Economic Policy from Below
an Anarchist Critique of the COSATU Unions’ “Radical Reform” Project
Whereas many union movements in the world entered the 1990s in a state of political crisis, South African unions not only continued to grow very rapidly – the South African union movement was among the five fastest growing union movements in the world at the time – but also developed an alternative policy framework that bucked the neoliberal trend.
Centred on the Congress of South African Trade Unions (COSATU), and within it, key unions like the National Union of Metalworkers of South Africa (NUMSA), the unions developed an ideological and strategic orientation described by scholars (e.g. Eddie Webster and Glenn Adler, 2000) as “radical reform” or “structural reform.” The thinking of the main unions in South Africa remains, to this day, profoundly shaped by the “radical reform” (RR) model.
The aim of this input is to examine the RR model, which was an attempt to build on the many key progressive gains won by workers and their organisations through struggle in the 1980s, and push through to a deeper transformation in the 1990s. This input defines the key components of RR, and then examines why this innovative response to the parliamentary transition and to capitalist globalisation was not successful. This requires looking at issues of neoliberal capitalist and state domination, the impact of RR on the unions, and the effects of the institutionalisation of trade union activity and dispute processes that have taken place. It raises deeper questions about the unions’ politics as well.
Therefore, this section provides some ideas on:
Briefly defining radical reform and noting the assumptions on which the concept is based.
The historical and ideological-strategic contexts influencing the development of the approach.
The challenges and shortcomings of RR.
Radical Reform (RR) as Economic Policy-from-Below
RR came from the COSATU unions, not the ANC or SACP, and was a strategic trade union and working-class approach to socio-economic transformation of newly-democratic South Africa and the role that organised labour would play in this transformation. It was developed in the fires of struggle against late apartheid and capitalism in South Africa by COSATU and its affiliates and can confidently be considered an example of economic policy development from below that was developed through engagements with the ideas and desires of the rank-and-file in conversation with their elected leaders and officials.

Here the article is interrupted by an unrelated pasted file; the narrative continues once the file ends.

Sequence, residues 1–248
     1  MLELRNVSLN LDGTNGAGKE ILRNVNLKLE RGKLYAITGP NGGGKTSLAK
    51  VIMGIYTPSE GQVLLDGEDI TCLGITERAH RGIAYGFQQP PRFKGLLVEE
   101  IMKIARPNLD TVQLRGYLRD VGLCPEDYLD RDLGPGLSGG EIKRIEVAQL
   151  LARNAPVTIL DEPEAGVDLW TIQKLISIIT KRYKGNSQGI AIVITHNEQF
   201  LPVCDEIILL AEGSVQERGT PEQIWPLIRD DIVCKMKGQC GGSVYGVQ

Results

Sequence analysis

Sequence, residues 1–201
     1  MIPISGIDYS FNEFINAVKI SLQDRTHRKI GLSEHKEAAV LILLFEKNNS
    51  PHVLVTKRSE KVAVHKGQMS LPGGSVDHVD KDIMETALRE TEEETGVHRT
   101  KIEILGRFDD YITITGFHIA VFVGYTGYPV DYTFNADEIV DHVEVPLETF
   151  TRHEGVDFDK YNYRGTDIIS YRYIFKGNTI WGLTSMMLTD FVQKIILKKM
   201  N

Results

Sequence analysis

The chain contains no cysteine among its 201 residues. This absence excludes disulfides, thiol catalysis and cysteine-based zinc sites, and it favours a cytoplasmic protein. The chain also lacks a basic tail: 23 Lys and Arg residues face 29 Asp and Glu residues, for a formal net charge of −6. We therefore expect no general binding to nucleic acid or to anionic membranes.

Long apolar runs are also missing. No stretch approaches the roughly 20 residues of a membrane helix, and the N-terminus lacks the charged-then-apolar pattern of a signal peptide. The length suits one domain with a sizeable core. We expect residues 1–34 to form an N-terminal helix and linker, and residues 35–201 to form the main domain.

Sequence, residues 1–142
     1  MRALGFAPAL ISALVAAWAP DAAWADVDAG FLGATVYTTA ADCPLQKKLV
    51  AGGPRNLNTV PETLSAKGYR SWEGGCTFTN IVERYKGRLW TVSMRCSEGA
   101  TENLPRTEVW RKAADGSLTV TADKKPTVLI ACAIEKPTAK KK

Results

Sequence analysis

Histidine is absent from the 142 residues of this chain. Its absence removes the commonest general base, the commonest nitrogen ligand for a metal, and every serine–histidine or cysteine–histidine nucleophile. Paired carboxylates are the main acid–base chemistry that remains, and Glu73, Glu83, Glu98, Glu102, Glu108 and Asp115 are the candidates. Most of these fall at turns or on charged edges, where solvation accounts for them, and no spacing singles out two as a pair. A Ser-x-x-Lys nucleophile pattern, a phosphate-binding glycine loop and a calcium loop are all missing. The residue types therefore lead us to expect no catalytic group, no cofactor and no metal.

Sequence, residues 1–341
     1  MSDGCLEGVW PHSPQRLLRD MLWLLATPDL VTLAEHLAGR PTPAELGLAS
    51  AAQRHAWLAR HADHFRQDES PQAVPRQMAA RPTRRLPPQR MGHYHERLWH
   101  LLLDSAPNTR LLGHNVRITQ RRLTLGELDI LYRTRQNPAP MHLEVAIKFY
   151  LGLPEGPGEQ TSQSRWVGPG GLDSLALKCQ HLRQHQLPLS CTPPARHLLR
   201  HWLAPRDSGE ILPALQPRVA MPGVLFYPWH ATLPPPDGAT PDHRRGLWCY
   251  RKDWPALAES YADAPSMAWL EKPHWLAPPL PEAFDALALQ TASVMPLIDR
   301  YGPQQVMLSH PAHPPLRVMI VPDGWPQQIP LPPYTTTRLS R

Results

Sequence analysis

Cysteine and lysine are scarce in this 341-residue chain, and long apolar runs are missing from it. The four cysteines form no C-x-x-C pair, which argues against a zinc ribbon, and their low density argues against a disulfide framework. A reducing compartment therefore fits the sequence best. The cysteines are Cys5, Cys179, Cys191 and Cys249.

Locally, the black working-class majority and its organisations were defeating the last vestiges of apartheid and racist capitalism, and engaging the newly developing institutions of a democratic South Africa. These struggles had incubated the development of powerful and militant working-class organisations, keenly aware of their power and historical role and responsibility.
At the dawn of the 1990s, COSATU entered into a formal alliance with the ANC. There was then a mighty, radical, mass-based and street-mobilising working class, closely linked to what was then a radical nationalist party, ANC, which was on the verge of state, power, as well as allied to the fastest growing communist party in the world at that time, the SACP.
Defining Radical Reform (RR)
According to the labour scholars Webster and Adler, writing in 2000, radical reform (RR) is a “left version of social democracy.”  Social democracy is the idea that the working class can win the existing state, using means like parliament, corporatism and expanded state control of the economy to shift society towards socialism through a series of reforms. A social democratic party is usually a mass party, as it needs maximum numbers to win elections.
What makes RR a “left” version of social democracy is that it was driven by mass, radical unions, who were willing to use rolling mass action to win RR; and, secondly, RR included many demands that were designed to give workers and unions direct power over economic decisions, including in company boardrooms and on the factory floor. The core ideas were that:
The restructuring of the post-apartheid economy must be done in ways that benefit the black majority, but the working class and poor especially.